A couple of months ago, 17-year-old Mack Beggs made headlines last year when he won the Texas state championship in wrestling.
Normally, that wouldn’t make national headlines. However, Beggs won it in the girls division.
You see, Mack Beggs is transgender, and he wants to compete in the boys division. Texas high school athletics policy requires him to compete based on the gender (in Mack’s case, female) listed on his birth certificate, though.
Now, a Texas law could make Mack’s struggle even harder.
SB 2095 is an act “relating to regulation of steroid use by students participating in athletic competitions sponsored or sanctioned by the University Interscholastic League.”
At first glance, the act does not look problematic for the teen. However, as the Daily Beast‘s Samantha Allen pointed out in a recent article:
…testosterone treatment for young transgender men like the 17-year-old Beggs could be seen as a basis for disqualification even though cross-sex hormone therapy for transgender people is supported by major medical associations.
In an interview with the Jiu-Jitsu Times, Beggs denied that he is “pumping himself up with steroids” or that the hormones he is taking give him an unfair advantage over his opponents.
SB 2095 was filed by Republican Senator Bob Hall. The senator denied that the bill was targeting transgender athletes.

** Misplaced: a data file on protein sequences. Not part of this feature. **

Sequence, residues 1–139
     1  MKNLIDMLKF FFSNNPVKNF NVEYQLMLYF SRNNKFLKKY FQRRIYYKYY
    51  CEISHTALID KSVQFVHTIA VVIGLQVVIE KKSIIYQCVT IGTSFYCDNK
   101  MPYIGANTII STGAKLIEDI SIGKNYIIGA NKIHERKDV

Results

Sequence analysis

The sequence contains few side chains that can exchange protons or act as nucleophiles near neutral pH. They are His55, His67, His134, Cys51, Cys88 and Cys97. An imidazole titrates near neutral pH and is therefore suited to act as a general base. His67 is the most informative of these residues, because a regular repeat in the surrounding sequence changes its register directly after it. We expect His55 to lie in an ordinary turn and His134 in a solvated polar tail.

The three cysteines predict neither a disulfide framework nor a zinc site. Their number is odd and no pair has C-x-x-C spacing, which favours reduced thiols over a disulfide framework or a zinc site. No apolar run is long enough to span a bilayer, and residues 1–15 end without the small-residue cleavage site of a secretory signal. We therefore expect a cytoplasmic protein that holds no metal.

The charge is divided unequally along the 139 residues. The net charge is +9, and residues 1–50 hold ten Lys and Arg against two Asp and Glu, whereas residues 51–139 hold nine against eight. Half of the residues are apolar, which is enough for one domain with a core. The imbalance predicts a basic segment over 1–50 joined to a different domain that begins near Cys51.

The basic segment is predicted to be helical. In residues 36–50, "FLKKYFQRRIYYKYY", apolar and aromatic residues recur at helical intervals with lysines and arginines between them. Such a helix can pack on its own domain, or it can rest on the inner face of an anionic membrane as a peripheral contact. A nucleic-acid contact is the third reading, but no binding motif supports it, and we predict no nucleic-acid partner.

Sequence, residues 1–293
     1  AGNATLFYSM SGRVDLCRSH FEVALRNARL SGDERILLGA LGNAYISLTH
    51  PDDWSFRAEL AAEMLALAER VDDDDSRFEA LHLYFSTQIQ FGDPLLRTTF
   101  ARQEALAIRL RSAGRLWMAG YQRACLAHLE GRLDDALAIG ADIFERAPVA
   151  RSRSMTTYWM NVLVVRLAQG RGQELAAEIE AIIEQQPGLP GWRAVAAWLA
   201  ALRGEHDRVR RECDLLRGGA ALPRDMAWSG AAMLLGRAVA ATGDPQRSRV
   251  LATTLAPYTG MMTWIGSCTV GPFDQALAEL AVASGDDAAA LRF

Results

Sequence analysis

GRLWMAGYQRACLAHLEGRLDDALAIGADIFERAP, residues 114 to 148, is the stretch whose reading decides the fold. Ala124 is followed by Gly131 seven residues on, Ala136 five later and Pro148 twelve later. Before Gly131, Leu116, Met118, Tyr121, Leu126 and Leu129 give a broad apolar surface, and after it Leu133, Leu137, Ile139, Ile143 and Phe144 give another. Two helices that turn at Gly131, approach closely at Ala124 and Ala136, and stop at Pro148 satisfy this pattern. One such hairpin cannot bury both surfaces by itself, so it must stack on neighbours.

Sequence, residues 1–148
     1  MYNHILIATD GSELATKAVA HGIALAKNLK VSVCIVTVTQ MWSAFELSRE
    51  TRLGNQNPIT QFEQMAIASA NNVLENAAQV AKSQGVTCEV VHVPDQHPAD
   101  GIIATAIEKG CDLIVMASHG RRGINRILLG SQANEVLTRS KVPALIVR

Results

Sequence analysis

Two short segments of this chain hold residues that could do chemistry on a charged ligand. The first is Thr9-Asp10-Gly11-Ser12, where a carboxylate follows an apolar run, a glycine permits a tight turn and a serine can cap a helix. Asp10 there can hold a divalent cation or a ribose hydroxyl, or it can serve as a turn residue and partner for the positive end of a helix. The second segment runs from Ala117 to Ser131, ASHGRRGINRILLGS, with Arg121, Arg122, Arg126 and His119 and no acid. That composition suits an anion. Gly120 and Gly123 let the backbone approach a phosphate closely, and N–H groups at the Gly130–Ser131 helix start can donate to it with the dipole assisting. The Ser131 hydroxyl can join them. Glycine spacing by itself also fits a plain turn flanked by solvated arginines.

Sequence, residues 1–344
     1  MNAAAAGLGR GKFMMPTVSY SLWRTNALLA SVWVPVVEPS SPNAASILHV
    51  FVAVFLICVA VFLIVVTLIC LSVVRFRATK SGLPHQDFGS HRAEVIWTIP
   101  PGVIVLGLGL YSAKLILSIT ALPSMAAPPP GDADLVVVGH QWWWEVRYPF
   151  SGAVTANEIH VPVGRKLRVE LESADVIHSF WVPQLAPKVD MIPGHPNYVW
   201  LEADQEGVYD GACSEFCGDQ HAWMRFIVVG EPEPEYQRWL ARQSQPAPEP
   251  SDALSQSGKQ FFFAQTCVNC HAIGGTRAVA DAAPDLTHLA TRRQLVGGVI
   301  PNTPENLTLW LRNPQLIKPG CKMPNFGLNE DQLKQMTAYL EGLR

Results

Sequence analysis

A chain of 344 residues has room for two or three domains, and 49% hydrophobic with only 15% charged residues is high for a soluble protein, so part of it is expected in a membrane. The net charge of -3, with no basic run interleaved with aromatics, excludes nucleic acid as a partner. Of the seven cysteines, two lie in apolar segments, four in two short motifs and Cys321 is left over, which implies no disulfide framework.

This bill is not addressing who plays on what sports. This bill is addressing individuals who … are taking steroids, then make sure, as a result of that, the events remain safe and fair.
That, however, is not stopping SB 2095’s opponents.
Senator Jose Menendez, a Democrat, said of the bill:
I don’t believe we can sit back and ignore the fact that there are students who are transitioning and are taking legally prescribed medication from their doctors and they may be competing in UIL sports. I don’t think we should ever discriminate against these students.
Hudson Taylor, executive director of Athlete Ally, had harsh words for SB 2095, telling The Daily Beast it was “terrible” and “a veiled attempt to exclude transgender athletes from participating in sports [that’s] been disguised under the auspices of fair play and reducing steroid use.”
For Mack, wrestling is not a sport he would ever want to be excluded from.
“I love the drive to win,” he told the Jiu-Jitsu Times’ Averi Clements. “No matter who you put in front of me, I’ll go against them.”
Hopefully, he will be able to continue his passion.